Minneapolis small business that pivoted to sew masks during COVID-19 endures during riots

For the last three months, Torpedo Bags in Minneapolis has been pumping out facemasks, and even when their neighborhood was burning all around them, they kept sewing.

Name any musical instrument and Torpedo likely made a bag for it. When COVID-19 put musicians out of work and forced retail stores to close, orders dried up.

By late March, Steve Kreisel took that advice, going from four employees to 40 contract sewers to fill orders for both the public sector and huge private companies.

“At our best, we were making 48,000 in 11 days and we ended up making about 150,000 masks,” Kreisel said.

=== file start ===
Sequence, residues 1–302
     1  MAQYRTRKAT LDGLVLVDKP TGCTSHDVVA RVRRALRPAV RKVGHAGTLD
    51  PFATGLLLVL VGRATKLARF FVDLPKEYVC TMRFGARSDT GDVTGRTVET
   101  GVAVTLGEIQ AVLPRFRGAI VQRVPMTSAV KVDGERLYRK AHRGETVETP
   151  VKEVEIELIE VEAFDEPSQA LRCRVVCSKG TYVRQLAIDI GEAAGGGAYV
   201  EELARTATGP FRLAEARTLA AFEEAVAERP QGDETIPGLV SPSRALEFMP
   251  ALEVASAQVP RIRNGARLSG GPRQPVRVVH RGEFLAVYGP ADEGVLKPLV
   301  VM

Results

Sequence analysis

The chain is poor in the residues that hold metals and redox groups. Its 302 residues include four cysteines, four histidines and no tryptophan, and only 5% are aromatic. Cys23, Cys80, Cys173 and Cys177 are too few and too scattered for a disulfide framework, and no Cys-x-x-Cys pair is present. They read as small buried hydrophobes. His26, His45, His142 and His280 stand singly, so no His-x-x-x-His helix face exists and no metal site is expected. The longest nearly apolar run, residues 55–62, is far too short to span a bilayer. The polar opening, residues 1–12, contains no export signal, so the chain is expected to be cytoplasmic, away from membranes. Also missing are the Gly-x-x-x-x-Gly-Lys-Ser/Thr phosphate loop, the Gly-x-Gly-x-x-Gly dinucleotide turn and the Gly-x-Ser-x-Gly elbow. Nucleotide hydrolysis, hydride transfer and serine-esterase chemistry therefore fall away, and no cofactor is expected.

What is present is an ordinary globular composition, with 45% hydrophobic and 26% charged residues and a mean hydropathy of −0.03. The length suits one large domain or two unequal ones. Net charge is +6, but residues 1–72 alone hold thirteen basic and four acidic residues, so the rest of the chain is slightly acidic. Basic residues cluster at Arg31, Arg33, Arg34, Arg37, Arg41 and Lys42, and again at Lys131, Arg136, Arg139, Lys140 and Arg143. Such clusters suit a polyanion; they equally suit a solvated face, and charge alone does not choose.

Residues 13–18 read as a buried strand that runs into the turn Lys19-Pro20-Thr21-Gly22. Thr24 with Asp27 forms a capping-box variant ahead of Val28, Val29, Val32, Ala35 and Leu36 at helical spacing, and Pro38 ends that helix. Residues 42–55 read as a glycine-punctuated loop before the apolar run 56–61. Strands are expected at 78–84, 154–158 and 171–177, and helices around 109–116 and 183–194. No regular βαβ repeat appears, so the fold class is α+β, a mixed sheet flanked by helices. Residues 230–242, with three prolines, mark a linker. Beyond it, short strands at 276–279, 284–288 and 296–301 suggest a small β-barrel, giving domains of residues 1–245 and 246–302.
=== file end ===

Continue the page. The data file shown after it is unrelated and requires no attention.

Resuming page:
Just as the pandemic was hitting its height, so were the tensions in the Minneapolis neighborhood where Torpedo Bags is based. The 19-year-old company is just blocks from the Third Precinct.

“Some of those nights, I was in my office and I heard the concussion grenades. There was a couple hundred and the rubber bullets and you could hear the screams and it was really hard to leave that night and go home and hope that you have something standing in the morning,” Kreisel said.

On three sides of them, businesses burned. And yet, they kept sewing.

“I did call the customer and say, hey, we’re going to need a couple days on that last shipment but we were here,” Kreisel said.

While he can’t simply sew the neighborhood back together again, his small part is vowing to stay.

“I love Minneapolis and I want to keep this business local and keep doing textile work,” Kreisel said.

Kreisel now has a goal of donating a mask for every dollar that comes in but because that is so under cost, he’s accepting donations to help him do that.